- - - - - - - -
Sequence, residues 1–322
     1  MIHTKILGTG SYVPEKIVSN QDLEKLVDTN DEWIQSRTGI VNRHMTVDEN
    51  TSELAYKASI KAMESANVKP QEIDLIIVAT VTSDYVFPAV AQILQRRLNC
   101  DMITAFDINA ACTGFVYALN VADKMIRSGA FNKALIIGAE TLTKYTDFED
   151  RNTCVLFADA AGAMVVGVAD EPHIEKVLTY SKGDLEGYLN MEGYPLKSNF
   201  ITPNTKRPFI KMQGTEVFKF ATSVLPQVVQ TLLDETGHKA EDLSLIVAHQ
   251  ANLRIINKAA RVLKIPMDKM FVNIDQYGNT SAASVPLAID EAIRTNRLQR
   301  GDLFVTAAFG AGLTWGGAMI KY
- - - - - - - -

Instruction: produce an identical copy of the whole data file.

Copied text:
Sequence, residues 1–322
     1  MIHTKILGTG SYVPEKIVSN QDLEKLVDTN DEWIQSRTGI VNRHMTVDEN
    51  TSELAYKASI KAMESANVKP QEIDLIIVAT VTSDYVFPAV AQILQRRLNC
   101  DMITAFDINA ACTGFVYALN VADKMIRSGA FNKALIIGAE TLTKYTDFED
   151  RNTCVLFADA AGAMVVGVAD EPHIEKVLTY SKGDLEGYLN MEGYPLKSNF
   201  ITPNTKRPFI KMQGTEVFKF ATSVLPQVVQ TLLDETGHKA EDLSLIVAHQ
   251  ANLRIINKAA RVLKIPMDKM FVNIDQYGNT SAASVPLAID EAIRTNRLQR
   301  GDLFVTAAFG AGLTWGGAMI KY